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Censoring the Dead

Even after her death, it seems the attacks on Zahra Kazemi will not end. It was only two months ago that Canadians were stunned by new evidence that the Montreal photojournalist was tortured to death while in Iranian custody. Kazemi was arrested in June 2003 while taking photographs outside of a prison in Iran, the country of her birth. To punish her for this transgression, Kazemi’s captors raped and beat her, according to a doctor who fled Iran to tell the story.

Close to two years later, there are new attempts to cover Kazemi’s lens, to prevent her photographs from reaching public eyes – only now the censorship is happening inside her adopted country of Canada. Last week Montreal’s Cote St. Luc Library removed five of Kazemi’s photographs from display after Jewish patrons complained of alleged “pro-Palestinian bias”; they left up the rest of the exhibition, which had already been displayed in Paris. Kazemi’s son, Stephan Hachemi, called the removal of the Palestinian photographs “a violation of my mother’s spirit” and rightly demanded that the library show the entire exhibit or nothing at all. So the library took down the entire show.

This made-in-Canada censorship comes as the Iranian government continues to stonewall any attempts to bring Kazemi’s murderers to justice. After refusing to return her body to her son, Iran has acquitted three intelligence officials accused in her death, and most recently, mocked Canada’s calls for an international inquiry. For its part, the Canadian government has been accused by Kazemi’s family of “begging, not insisting” that the Iranian government be held to account for her death.

There is no comparison between the decision to remove Kazemi’s photographs in Montreal and the kind of brutal censorship that lead to her death in an Iranian prison. And yet the decision to take down the photographs, for fear that they might “offend” is all the more obscene because of how Kazemi died: she was killed precisely for her commitment to bear witness to human suffering, even when powerful forces want no witnesses to their brutality. She brought that commitment to countries across Africa, Latin America, the Caribbean, and the Middle East, including Iran and Israeli-occupied Palestine.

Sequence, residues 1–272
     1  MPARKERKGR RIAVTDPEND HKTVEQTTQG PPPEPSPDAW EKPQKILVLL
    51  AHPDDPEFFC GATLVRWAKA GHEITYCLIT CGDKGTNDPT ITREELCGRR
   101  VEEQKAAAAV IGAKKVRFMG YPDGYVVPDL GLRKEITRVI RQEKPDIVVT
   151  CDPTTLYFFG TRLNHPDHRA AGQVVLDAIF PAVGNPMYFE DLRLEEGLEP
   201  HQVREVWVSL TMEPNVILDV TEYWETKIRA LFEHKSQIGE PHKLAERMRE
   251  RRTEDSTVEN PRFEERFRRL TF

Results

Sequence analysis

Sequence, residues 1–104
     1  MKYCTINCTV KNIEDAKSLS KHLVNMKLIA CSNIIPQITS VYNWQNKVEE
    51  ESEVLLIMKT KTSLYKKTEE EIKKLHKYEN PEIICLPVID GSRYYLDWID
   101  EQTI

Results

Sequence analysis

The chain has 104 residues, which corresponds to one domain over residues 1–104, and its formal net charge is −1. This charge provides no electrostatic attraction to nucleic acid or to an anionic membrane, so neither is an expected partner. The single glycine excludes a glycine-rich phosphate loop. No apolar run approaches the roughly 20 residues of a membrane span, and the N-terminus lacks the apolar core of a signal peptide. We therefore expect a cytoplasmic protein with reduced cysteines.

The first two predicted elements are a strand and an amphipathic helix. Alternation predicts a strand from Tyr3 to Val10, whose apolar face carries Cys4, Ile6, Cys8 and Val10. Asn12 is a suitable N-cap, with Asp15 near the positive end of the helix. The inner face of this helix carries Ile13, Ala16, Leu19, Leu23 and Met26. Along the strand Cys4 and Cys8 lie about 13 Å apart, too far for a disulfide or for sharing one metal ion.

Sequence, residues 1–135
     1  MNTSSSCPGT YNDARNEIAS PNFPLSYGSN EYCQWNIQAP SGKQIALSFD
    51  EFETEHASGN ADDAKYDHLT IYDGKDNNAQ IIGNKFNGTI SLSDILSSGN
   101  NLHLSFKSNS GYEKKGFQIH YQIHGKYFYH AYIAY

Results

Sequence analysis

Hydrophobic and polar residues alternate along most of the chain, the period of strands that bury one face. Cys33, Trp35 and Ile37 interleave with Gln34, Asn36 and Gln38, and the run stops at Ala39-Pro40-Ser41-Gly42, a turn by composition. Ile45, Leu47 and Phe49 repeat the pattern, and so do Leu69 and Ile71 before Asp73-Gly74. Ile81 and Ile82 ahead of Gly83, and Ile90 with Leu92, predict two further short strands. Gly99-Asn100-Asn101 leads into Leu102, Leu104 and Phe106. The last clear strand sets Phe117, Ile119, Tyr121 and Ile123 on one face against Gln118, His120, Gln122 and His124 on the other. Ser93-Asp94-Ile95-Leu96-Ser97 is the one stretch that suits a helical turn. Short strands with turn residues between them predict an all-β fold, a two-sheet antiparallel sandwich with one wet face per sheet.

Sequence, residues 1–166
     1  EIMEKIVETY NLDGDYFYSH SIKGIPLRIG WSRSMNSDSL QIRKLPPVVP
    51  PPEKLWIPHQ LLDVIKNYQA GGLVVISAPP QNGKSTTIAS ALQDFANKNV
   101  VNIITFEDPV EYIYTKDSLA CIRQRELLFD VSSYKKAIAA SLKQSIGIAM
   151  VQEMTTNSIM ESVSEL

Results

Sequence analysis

All too often, Canadian morality is laced with hypocrisy. We are outraged by what happened to Kazemi in Iran, or to Maher Arar in Syria, yet continue to deport refugees to countries where they face torture, including Algeria, Syria, Lebanon — and yes, even Iran. Last year, 43 Iranian refugee claimants were deported from British Columbia alone, a four-fold increase from 1999.

The decision to take down photographs thought to be “too sympathetic” to the Palestinian cause is also part of a disturbing pattern to silence opposition to the expansionist Israeli occupation of the Occupied Territories, now in its 38th year. Two summers ago, CanWest Global, Canada’s largest media conglomerate, went so far as to produce a heavily-promoted full-length documentary that compared pro-Palestinian students at Montreal’s Concordia University to Nazis. In September, the company’s newspaper chain was admonished by the Reuters news agency for running its stories with ideological alterations to the original text. And rarely in the media do we hear the many anti-occupation voices that challenge the delusional consensus that Palestinians are to blame for their own misery.

But it’s not just Palestinian resistance that is distorted or ignored: so too are Palestinians themselves, their faces, their lives. And it was this de-humanizing void that Kazemi was trying to fill with her work. She “illustrated the daily life of Palestinians and the problems they faced as they sought to preserve their land and their identity” in the face of “exodus, poverty, humiliation, suffering, and the ravages of war,” according to the caption that accompanied the photo exhibition. And this is indeed a threatening act: Simple images that capture the human consequences of occupation are a direct challenge to those who have found ways to seal themselves off to a people’s collective suffering.

In the words of her son, Zhara Kazemi had the courage “to have shown the unshowable, to have shown the truth.” In her death, we dishonour her memory and legacy by allowing her photographs to be suppressed, images that are an expression of the very courage and humanity that cost this brave journalist her life.

It’s not too late to make things right. Kazemi’s work must be immediately remounted, but on a much larger scale. It would be a particularly powerful gesture if members of the Canadian Jewish community, who are well known supporters of the arts, stepped forward to help hang Kazemi’s photographs, all of them, on the walls of a major Canadian museum.

This would demonstrate that Canadians are capable not only of condemning censorship when it happens in far off countries, but are committed to defending the principles of freedom of expression and a genuine diversity of views and opinion here at home.

It would be a fitting, if modest, way to pay our respects to a Canadian hero who was murdered because she believed that these ideas are more than theoretical.

Naomi Klein is the author of No Logo and Fences and Windows. Aaron Maté is a Montreal-based journalist and researcher. A shorter version of this article appeared in the Globe and Mail on June 15 2005.

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